As previously discussed, I enjoy building decks designed for everyone to play from as a way to generate portable, self-contained play experiences that allow for spontaneous games without concern for other players bring decks or concern for bad match ups. I'm hoping in this post, I can show you that this method of play/deckbuilding can produce a wider variety of decks and to show my thought processes as I update them.
While my early forays in this were 2-player decks, more recently I've been focusing exclusively on multiplayer play. The current deck is the most recent iteration of the first theme I explored after my first pass through building a deck for each color: mill. The idea of each player playing a deck with the expectation of the deck running out and threatening death was always extremely fascinating to me as it upends a lot of fundamental aspects of Magic strategy. The original 2-player deck resulted in game play that was far more puzzle-like than traditional Magic as it was more about finding and using pieces in the right way than about attacking and tempo.
Through numerous play sessions, the patterns that have become obvious are the following: Simply attacking your opponent to death is safer, since if you mill the deck out, they can flip it around on you and kill you. This introduces a disparity of cards which are better in the early-midgame and cards that are at their best in the end-game or empty library. The emergent play which has turned out to be most satisfying is using aggressive creatures to pressure the opponent into using cards like Gomazoa to stay alive during the mid-game rather than saving them for when the library runs out. This lets actual hard removal be saved for other threats. During the end-game, random large bodies lose almost all of their value as they don't help you stay alive through an empty library, so getting value out of them in the mid-game is important.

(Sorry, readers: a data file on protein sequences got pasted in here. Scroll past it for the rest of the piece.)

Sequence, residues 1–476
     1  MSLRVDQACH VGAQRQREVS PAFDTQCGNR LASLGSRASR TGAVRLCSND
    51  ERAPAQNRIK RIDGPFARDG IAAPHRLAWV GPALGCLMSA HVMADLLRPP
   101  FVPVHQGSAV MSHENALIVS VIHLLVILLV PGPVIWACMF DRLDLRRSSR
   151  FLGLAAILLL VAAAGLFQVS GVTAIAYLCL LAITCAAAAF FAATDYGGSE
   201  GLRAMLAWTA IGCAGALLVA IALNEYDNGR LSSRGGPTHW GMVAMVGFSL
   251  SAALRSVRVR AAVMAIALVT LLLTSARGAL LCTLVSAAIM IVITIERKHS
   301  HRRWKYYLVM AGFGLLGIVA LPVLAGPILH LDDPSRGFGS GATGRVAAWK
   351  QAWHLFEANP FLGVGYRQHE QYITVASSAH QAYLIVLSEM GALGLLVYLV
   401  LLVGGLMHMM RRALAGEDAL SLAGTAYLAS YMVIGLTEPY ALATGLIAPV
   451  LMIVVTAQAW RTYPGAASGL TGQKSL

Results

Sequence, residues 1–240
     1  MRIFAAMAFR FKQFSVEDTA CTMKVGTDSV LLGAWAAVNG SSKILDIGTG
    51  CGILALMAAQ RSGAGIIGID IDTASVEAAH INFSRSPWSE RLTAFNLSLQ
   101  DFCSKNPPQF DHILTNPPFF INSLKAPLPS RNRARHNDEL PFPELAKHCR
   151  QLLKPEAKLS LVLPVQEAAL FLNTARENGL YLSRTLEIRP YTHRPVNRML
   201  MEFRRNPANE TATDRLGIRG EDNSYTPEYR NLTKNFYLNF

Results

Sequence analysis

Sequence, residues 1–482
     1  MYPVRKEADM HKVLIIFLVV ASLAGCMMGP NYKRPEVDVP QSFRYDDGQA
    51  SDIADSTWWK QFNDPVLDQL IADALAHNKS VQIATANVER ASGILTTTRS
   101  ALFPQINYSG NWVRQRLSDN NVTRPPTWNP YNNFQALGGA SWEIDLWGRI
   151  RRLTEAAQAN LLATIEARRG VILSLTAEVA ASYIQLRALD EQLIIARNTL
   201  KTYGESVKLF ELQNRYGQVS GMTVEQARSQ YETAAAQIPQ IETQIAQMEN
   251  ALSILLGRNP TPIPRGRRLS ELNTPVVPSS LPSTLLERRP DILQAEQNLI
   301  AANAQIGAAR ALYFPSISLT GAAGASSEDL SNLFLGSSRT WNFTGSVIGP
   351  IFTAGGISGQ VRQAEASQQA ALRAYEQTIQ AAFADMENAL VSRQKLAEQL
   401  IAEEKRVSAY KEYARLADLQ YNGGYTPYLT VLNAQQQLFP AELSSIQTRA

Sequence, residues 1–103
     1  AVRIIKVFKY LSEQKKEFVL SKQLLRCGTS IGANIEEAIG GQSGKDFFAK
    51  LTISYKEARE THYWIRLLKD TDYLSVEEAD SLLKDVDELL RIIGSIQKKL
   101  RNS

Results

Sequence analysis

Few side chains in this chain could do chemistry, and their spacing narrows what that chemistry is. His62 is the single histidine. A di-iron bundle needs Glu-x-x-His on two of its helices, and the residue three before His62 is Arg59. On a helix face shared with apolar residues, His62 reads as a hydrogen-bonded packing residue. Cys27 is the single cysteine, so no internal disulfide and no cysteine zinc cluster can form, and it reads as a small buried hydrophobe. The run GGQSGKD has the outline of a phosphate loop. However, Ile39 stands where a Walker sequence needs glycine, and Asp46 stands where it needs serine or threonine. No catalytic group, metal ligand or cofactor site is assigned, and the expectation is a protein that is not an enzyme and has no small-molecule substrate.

Another fascinating aspect of the 2-player deck was the use of cycling and other key cantrips to fight over key dredge cards, most notably: Darkblast. I also liked seeing the flexibility of cards with cycling come up as a way to fight over the best cards on top of the library, a subgame, I was happy for the Panglacial Wurm deck to later explore with Mul Daya Channelers.